People seem fascinated when they find out I’m adopted. It was always such an inconsequential thing to me. A detail. My mom was my mom, my dad was my dad, and I never gave it much thought.
My parents made a point of openly discussing the fact that I was adopted from a very young age, so it was a very natural, non-dramatic thing for me. I was told that my biological mother was single, and loved me enough to want the very best for me, so she made sure I was placed in a home with two parents.
My parents went on to adopt a baby boy two years later, and then months after that, ironically became pregnant and gave birth to a second baby boy. So I grew up with two siblings, in a sweet little house in North Florida. My father was a machinist, and my mom kept other children at home, and sewed and baked for extra money, so that she could stay home with us. We didn’t have much money, but it was a happy childhood.
Years later, my mother and I had the typical turbulent relationship common in the teenaged years. But by the time I went to college, I was calling home every other day. There was just no one on earth that reveled in the minutia of my life like my mother.
Years later, when I got married, she made my wedding dress. It was a labor of love, and she told me afterward that she alternated stitches and tears.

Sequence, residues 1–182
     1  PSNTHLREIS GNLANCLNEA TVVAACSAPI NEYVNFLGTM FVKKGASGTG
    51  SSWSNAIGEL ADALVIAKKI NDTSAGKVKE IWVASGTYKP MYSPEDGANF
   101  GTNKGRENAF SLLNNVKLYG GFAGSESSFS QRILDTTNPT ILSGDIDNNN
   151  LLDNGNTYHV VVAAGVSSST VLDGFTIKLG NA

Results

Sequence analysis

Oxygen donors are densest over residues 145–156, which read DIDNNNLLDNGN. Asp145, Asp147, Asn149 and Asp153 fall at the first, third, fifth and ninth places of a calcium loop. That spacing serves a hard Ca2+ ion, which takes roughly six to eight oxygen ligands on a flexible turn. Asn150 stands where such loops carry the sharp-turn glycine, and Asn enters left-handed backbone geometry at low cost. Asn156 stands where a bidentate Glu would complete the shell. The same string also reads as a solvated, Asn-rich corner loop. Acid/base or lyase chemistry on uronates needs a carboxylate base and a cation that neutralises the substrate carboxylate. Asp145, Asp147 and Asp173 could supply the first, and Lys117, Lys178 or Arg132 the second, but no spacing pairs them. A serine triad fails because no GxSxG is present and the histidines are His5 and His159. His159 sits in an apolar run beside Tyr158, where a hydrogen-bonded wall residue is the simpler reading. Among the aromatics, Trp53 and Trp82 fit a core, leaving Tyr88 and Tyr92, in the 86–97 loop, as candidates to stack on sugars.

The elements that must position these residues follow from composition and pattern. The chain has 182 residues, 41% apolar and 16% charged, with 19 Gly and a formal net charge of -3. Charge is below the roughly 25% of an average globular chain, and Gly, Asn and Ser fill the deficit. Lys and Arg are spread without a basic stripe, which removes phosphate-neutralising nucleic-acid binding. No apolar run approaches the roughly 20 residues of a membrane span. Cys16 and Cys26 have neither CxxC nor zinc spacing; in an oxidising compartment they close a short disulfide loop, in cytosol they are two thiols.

I went on to have four girls myself, and my mother was a doting grandmother. She taught my girls to sew, and enjoyed making the same bunny cakes for them each Easter that she’d made for us growing up.
Seven years ago, I got the call that my mother was rushed to the hospital with a life threatening complication of diabetes. I rushed to her side, and rarely left the hospital for the three weeks that she was ill. We lost her in December that year, three weeks before Christmas. It was the most difficult thing I’ve ever experienced and I miss her every day. But I am so enormously grateful for all the years that I had with her. She was my best friend, my greatest cheerleader, and a wonderful role model to me as I mother my own children.
I often reflect on the tremendous amount of time, energy and sacrifice children require, and the fact that a woman who did not have to, spent four decades loving me with everything in her. Contrary to the idea that adopted children may feel abandoned, I felt so loved, so treasured, and so wanted. I give thanks every day for my biological mother who cared enough to want the best for me, and made the supreme sacrifice of making sure that I grew up in a loving family. She made the right decision, and I’m so grateful for her wisdom.